The address traditionally delivered around the start of Congress’ fall session was scheduled for Sunday. That’s the same day a dissident teachers’ union plans the latest in a series of protests against the president’s proposed education reform.
April 30, 2013
WHEN: Thursday, May 2, 2013 from 9-10:30am
WHERE: 5th Floor Woodrow Wilson Center
On the same day that President Obama begins his trip to Latin America, the authors of the Mexico Institute’s new policy report will present their recommendations for strengthening U.S.-Mexico relations. President Obama and President Peña Nieto will meet in the context of booming bilateral trade, a major U.S. effort to reform immigration law, a potential Mexican energy reform, and ongoing but evolving cooperation in addressing public security and organized crime. The discussion will touch on each of these topics, as well as other issues in the bilateral relationship.
To RSVP, click here…
April 26, 2013
Animal Político, 4/26/13
The reduction in homicides during the first few months of the Peña Nieto administration is barely noticeable. This is one of the conclusions of a report, “Evolution of Violence, Trimester Report 2013,” prepared by the Mexican Institute for Competitiveness (IMCO), which points out that after comparing all registered homicides in the fourth trimester of 2012 with the first of 2013, violence was reduced a mere 0.6%.
April 26, 2013
Global Post, 4/25/13
With President Barack Obama set to visit Mexico next week, a group of 23 U.S. lawmakers asked the administration to prioritize the defense of human rights in relations with the Aztec nation. The legislators expressed their concern over “the persistence of grave human rights violations in Mexico” in a Dear Colleague letter to Secretary of State John Kerry.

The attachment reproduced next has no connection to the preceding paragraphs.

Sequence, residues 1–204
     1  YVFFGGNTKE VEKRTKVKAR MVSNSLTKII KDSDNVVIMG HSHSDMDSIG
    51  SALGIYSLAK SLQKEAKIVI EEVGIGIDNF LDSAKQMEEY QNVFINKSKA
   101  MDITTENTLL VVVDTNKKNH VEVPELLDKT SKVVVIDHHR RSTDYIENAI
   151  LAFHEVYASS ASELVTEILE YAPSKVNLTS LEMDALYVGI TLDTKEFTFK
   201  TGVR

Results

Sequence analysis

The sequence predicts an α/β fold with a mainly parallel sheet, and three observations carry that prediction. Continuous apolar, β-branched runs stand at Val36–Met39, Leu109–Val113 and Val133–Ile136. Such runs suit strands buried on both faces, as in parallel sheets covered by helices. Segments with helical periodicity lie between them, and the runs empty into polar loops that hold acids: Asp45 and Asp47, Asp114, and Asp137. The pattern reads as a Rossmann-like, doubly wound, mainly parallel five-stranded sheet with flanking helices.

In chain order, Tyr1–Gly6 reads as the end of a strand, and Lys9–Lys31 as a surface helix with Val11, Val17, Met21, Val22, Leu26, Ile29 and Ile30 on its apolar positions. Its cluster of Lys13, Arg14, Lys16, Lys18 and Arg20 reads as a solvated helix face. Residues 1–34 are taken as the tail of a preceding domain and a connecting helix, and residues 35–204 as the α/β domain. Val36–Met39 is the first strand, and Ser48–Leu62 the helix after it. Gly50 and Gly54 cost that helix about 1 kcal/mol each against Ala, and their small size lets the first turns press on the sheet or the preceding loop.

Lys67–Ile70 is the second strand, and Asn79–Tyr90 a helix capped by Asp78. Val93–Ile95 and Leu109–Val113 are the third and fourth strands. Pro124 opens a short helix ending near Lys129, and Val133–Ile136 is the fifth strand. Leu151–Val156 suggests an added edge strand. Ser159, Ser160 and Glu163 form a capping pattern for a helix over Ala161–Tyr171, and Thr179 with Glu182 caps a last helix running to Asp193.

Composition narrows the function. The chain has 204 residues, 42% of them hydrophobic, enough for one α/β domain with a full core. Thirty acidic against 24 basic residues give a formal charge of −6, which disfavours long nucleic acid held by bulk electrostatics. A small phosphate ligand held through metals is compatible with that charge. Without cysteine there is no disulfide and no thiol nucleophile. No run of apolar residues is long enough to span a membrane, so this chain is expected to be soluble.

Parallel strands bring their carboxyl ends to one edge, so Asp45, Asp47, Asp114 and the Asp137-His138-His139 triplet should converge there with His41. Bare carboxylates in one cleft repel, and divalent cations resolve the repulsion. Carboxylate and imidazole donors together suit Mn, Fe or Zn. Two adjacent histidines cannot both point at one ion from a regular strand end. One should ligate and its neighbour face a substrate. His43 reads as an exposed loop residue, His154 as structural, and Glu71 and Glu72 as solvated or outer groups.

Headed by Reps. James Moran (D-Va.) and Ted Poe (R-Texas), the lawmakers are urging Obama to make the defense of human rights “a central part” of Washington’s agenda with Mexico. During the 2006-2012 government of Felipe Calderon, who militarized the war on drugs, complaints to Mexico’s independent National Human Rights Commission about abuses by police and soldiers increased fivefold to 2,723, the congressmen emphasized.
April 23, 2013
On the eve of President Barack Obama’s trip to Mexico next week, the new government there looks to reboot a joint effort to combat violent drug traffickers, worries about piecemeal efforts in the United States to legalize marijuana and hopes to rebuild frayed relations with Cuba.
In a wide-ranging interview, Mexican Foreign Secretary Jose Antonio Meade also said the return to power of the Institutional Revolutionary Party wouldn’t mean a reversal of his country’s willingness to extradite nationals wanted in the United States. “There is no plan to change the way that extraditions have been working,” said Meade, a Yale-educated economist who served as Mexico’s finance secretary before the change of administration in December. He spoke to McClatchy at the Mexican Embassy in Washington in advance of Obama’s trip to Mexico City on May 2.
January 30, 2013
Los Angeles Times, 1/29/2013
Here is what you probably won’t see in the coming weeks as the U.S. Congress debates a sweeping immigration overhaul: Mexico becoming involved.
Though the United States’ southern neighbor is the country with the most at stake as Washington considers changing its policy toward illegal immigrants, Mexican diplomats and government officials are expected to keep a low profile to avoid the appearance of meddling in U.S. affairs and to minimize any potential backlash among conservatives in the States.